UCT’s Professor Mark Solms has been awarded the prestigious Harry Oppenheimer Fellowship Award, which is considered to be the pre-eminent research prize on the African continent.
Awardees are leading scholars with sustained records of outstanding research and intellectual achievement at the highest level. Twenty individuals have received the prize thus far, eight of whom have been from UCT. Solms is the first psychologist in their number.
The award includes a prize of R1.5 million. This will be used to finance the third phase of Solms’ ongoing research project, which looks at the interaction between the brain mechanisms and psychology of depression.
“My whole life’s work has been about refusing to dichotomise the mind and the brain. I think they’re two sides of the same coin,” said Solms.
“Our discipline is split like that. There’s psychotherapists and psychoanalysts on the one hand, and then there’s psychopharmacologists and psychiatrists on the other.”
This should not be an either/or scenario maintains Solms, who as a young neuropsychologist opted to train in psychoanalysis. This move would be like an astronomer turning to astrology, he explained.
“I was really frustrated by the lack of attention to the subtle complexities of the mind in neuropsychology. In fact, a friend of mine named Oliver Sacks – a famous neurologist – he said around that time: ‘Neuropsychology is admirable, but it excludes the psyche.’
“My whole life’s work has been about refusing to dichotomise the mind and the brain. I think they’re two sides of the same coin.”
“Psychoanalysis – which, with all of its faults, at least takes the mind seriously – it puts subjectivity centre stage, it tries to bring it into science.
“I’ve spent the rest of my scientific career actually working in both directions. Trying to bring psychoanalytical concepts into neuroscience, and trying to bring neuroscientific rigour into psychoanalysis.”
Solms’ current research lies between the pillars of neuroscience and psychoanalysis, and is being conducted in collaboration with colleagues in UCT’s Division of Human Genetics.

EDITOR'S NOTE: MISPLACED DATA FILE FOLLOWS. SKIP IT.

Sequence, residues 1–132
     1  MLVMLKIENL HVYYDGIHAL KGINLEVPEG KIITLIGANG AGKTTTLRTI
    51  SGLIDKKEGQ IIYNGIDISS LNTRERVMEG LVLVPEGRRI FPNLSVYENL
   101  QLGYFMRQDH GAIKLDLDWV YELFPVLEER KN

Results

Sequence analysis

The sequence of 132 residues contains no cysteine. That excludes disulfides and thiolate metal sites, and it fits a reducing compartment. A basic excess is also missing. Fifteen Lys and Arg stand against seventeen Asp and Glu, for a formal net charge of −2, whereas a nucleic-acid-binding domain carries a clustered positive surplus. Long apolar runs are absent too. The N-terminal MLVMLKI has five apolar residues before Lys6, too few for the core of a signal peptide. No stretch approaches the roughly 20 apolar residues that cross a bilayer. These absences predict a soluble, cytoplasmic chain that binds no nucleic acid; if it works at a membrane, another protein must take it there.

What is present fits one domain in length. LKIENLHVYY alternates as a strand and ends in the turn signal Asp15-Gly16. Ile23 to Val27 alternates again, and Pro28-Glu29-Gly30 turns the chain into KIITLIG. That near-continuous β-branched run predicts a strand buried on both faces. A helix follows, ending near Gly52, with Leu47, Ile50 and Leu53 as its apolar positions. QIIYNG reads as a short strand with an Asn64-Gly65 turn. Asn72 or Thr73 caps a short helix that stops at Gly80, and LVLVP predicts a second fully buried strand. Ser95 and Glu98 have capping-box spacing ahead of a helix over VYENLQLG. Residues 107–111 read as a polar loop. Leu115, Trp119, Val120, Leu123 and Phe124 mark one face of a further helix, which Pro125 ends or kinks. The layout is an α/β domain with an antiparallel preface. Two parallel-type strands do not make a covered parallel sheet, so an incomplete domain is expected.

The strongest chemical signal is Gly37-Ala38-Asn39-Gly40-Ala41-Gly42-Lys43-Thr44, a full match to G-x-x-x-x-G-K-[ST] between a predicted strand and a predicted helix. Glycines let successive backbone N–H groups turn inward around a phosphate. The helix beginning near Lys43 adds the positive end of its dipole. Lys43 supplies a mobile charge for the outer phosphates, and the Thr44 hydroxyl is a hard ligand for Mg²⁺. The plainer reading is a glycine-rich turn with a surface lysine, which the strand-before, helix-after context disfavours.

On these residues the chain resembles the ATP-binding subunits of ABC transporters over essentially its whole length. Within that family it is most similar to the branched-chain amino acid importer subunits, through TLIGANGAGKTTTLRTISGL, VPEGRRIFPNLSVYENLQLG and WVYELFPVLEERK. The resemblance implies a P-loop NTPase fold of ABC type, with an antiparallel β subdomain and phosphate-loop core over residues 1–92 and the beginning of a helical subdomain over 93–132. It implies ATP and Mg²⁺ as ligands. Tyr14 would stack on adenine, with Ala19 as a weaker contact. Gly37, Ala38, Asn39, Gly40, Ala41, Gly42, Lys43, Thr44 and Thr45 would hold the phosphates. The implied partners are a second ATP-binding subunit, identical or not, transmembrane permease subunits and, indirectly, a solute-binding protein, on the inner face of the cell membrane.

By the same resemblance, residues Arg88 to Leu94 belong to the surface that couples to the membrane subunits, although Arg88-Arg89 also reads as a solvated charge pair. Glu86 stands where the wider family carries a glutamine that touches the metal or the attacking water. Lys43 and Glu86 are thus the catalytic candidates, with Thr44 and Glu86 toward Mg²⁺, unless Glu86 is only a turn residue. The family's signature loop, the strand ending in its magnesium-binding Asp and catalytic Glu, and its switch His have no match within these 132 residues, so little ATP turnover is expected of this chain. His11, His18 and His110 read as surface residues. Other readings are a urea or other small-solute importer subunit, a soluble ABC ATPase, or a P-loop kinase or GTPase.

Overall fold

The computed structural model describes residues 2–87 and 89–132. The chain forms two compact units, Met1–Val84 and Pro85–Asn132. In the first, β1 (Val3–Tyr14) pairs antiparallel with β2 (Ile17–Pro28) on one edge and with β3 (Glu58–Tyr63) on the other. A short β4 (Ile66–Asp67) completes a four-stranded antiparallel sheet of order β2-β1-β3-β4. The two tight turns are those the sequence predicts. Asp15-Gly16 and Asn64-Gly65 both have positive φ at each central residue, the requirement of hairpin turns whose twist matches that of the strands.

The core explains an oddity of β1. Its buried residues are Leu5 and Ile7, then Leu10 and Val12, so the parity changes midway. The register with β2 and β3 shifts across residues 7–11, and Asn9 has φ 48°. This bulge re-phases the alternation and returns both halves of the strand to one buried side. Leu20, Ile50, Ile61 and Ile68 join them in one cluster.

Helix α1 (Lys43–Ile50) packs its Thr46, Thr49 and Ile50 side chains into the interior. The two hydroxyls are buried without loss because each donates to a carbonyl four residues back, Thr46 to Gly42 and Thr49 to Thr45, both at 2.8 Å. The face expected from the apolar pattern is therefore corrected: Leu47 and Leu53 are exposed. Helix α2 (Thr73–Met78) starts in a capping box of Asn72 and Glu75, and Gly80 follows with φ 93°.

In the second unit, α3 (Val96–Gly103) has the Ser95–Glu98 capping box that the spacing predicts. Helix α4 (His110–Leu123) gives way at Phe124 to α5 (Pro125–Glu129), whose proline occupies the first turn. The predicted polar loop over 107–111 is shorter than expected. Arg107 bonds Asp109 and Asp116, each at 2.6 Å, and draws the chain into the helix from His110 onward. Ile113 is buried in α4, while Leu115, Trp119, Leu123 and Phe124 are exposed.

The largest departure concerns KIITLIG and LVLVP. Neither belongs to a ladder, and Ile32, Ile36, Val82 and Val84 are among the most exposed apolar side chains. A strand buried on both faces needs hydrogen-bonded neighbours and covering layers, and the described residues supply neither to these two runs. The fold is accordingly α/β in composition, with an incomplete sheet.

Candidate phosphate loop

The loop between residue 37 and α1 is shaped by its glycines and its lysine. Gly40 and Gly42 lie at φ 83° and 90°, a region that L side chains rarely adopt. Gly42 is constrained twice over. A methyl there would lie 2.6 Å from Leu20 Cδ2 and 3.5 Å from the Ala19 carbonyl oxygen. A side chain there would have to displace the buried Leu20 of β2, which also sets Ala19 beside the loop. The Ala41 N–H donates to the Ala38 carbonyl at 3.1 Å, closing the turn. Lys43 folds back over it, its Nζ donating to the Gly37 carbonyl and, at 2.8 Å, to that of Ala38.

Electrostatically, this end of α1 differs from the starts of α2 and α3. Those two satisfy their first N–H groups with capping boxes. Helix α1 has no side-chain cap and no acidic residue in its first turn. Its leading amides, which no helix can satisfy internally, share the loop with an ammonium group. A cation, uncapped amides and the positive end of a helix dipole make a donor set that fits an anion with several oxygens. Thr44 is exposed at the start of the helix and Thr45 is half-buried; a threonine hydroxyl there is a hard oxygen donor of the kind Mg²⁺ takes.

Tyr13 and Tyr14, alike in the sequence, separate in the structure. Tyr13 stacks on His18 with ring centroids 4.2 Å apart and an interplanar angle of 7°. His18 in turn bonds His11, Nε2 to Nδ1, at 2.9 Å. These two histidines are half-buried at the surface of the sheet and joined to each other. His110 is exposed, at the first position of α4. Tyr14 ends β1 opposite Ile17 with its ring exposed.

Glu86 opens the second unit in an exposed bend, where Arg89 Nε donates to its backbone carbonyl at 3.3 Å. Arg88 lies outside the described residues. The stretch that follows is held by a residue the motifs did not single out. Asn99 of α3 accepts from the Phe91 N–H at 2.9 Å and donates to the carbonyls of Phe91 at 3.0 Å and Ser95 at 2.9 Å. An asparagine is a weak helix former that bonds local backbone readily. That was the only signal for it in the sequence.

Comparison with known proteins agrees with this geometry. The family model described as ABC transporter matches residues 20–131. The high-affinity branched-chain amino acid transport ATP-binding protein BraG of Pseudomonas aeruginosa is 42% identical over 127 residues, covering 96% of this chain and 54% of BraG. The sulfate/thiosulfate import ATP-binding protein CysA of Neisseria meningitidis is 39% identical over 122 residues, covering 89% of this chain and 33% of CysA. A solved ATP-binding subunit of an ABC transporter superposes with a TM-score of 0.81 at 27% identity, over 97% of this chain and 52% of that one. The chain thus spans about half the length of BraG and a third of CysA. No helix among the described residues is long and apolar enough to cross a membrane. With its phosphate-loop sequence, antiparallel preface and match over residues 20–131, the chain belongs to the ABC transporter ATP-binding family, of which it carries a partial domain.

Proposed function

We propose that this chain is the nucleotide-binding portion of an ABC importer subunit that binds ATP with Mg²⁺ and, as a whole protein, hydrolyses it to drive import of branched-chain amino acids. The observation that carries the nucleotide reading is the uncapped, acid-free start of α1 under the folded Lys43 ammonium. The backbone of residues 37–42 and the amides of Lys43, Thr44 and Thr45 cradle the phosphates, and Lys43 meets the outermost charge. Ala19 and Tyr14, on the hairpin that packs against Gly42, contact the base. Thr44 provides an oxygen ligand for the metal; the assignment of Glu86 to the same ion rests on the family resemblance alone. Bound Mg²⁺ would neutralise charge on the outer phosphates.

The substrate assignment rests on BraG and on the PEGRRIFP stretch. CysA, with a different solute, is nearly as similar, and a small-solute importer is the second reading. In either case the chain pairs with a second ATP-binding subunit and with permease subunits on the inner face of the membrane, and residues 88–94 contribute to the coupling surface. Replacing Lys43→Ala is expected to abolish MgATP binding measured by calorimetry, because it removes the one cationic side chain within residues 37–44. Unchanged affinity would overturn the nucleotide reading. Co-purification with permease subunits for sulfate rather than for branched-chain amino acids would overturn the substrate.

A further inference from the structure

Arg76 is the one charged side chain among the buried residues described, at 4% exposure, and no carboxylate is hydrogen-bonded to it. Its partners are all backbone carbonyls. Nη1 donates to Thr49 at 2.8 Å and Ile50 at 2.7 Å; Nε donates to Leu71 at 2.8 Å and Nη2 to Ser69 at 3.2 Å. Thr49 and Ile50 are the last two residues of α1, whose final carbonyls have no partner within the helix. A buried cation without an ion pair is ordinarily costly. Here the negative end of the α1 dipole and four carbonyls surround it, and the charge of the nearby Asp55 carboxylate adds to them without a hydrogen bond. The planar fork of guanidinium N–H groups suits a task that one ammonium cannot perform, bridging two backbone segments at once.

The psychiatric approach to depression is entirely molecular, Solms notes. Since the 1980s the main line of treatment has been through selective serotonin re-uptake inhibitor (SSRI) drugs, which have been disappointing in their efficacy.
As an affective neuroscientist, Solms understands the brain mechanisms of feelings: where, why and how certain feelings are generated in the brain.
“You look at serotonin, which is the chemical in [those drugs] and you think: ‘Why on earth do they think that will help?’ Because it’s really got nothing to do with the specific circuitry in the brain that has to do with the feelings that are involved in depression.”
The pattern of feelings that we call depression is the same pattern that manifests when we feel grief, Solms explained.
“It’s how people feel when they lose something that matters to them. That’s the psychology of depression: that there’s a certain kind of situation that makes us feel like that. It’s a situation in which you’re separated from or lose something you need. It’s like a withdrawal effect.”
This ability to form attachments is at the heart of our nature as mammals. When you separate a mammal from its attachment object, it will go through this particular process.
“The chemistry of that system, which is called the panic/grief system … is opioids.”
The natural opioids of the brain, called endorphins, decrease when a person is separated from an attachment object, and increase when they are reunited.
The psychology of feelings
Solms and his team wanted to prove that depression means something, and that these feelings have a psychology to them.
They began their study with 2 000 young adults, who were given a depression measurement. Both the top and the bottom scorers, and their parents, were interviewed about early separation experiences.
“Very seldom in this field – by which I mean psychiatry – do you see anything so black and white. It was quite extraordinary.
“Very seldom in this field – by which I mean psychiatry – do you see anything so black and white. It was quite extraordinary.”
“The young adults who were depressed – they had had appalling separation trauma in their childhoods. And the ones who were not depressed, didn’t.”
Separation distress is a major contributor to depression, Solms explained.
“Now, that’s really important, because it shows [that] depression has a psychology. It’s not that it doesn’t also have a chemistry … but that chemistry, that circuitry, only makes sense in relation to certain kinds of psychological situations.”
In the final stage of the study, the team will be examining the interactions between this early separation experience and genetic disposition. There are genes that are known to make you vulnerable to depression, and there are genes that are known to bestow resilience against depression.
“Our hypothesis is that people who have high separation distress loading in childhood, but who do not become depressed, probably have these resilience genes. And those who have low separation distress loading, but still do become depressed – they probably have the depression vulnerability genes.
“We are looking at that interaction between stressful experiences of a particular type, which have to do with separation and loss, and genes of a particular type, which have to do with resilience and vulnerability to depression.”
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